First, the combustion section 40 has an inner wall 48 and an outer wall 50 which together define a generally annular first passage 52. A fan, not shown, delivers air to this first passage 52, and as indicated by arrows A (shown white in FIG. 2) this air is passed therethrough so as to cool the walls 48 and 50 of the combustion section 40. It will be noted that the air flows generally downward through the first passage 52, in the opposite direction from the generally upward flow of the combustion products, thus providing counterflow heat exchange.

Second, the air in the first passage 52 provides a thermally insulative layer around the combustion section 40, limiting radially outward heat transmission therefrom.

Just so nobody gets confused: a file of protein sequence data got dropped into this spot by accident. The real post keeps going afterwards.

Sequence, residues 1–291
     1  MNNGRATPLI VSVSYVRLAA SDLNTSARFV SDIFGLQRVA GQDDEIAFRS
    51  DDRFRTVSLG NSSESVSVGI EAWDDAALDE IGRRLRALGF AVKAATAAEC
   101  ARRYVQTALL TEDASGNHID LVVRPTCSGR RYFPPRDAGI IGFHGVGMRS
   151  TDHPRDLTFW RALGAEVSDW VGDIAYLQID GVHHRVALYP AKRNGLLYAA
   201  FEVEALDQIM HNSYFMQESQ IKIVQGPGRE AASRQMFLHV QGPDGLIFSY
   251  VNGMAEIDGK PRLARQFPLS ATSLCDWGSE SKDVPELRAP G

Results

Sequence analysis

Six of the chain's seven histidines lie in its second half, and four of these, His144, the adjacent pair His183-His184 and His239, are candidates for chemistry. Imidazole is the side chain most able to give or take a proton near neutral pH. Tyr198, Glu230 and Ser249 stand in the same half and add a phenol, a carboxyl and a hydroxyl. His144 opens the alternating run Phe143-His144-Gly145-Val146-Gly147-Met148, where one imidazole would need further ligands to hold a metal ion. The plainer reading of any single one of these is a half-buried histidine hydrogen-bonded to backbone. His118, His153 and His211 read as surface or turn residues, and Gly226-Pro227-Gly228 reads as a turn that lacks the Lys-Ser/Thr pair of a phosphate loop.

Third, a flame shield 54 is located within the combustion section 40 and spaced apart from its inner wall 48 so as to define a second passage 56. This second passage 56 is in communication with the first passage 52 at the proximal (lower) end of the combustion section 40 so as to receive the air passed therethrough. This air is thus turned at the lower end of the incinerator 20 and fed upwards into the combustion section 40 therein to mix with the combustion products. Accordingly the air dilutes and cools the combustion products, and the diluted mixture (indicated by grey arrows M) exhausts to atmosphere by way of a curved flue 58 having a generally horizontal outlet 60.

Fourth, a heat shield 62 extends across the lower end of the flame shield 54 to prevent excessive heating in this area of the incinerator 20 (where the gas is delivered). The heat shield 62 comprises refractory material—the only refractory material in the incinerator 20. Alternatively it may be formed of suitably heat resistant metal alloy (in which case the incinerator 20 is formed substantially entirely of metal).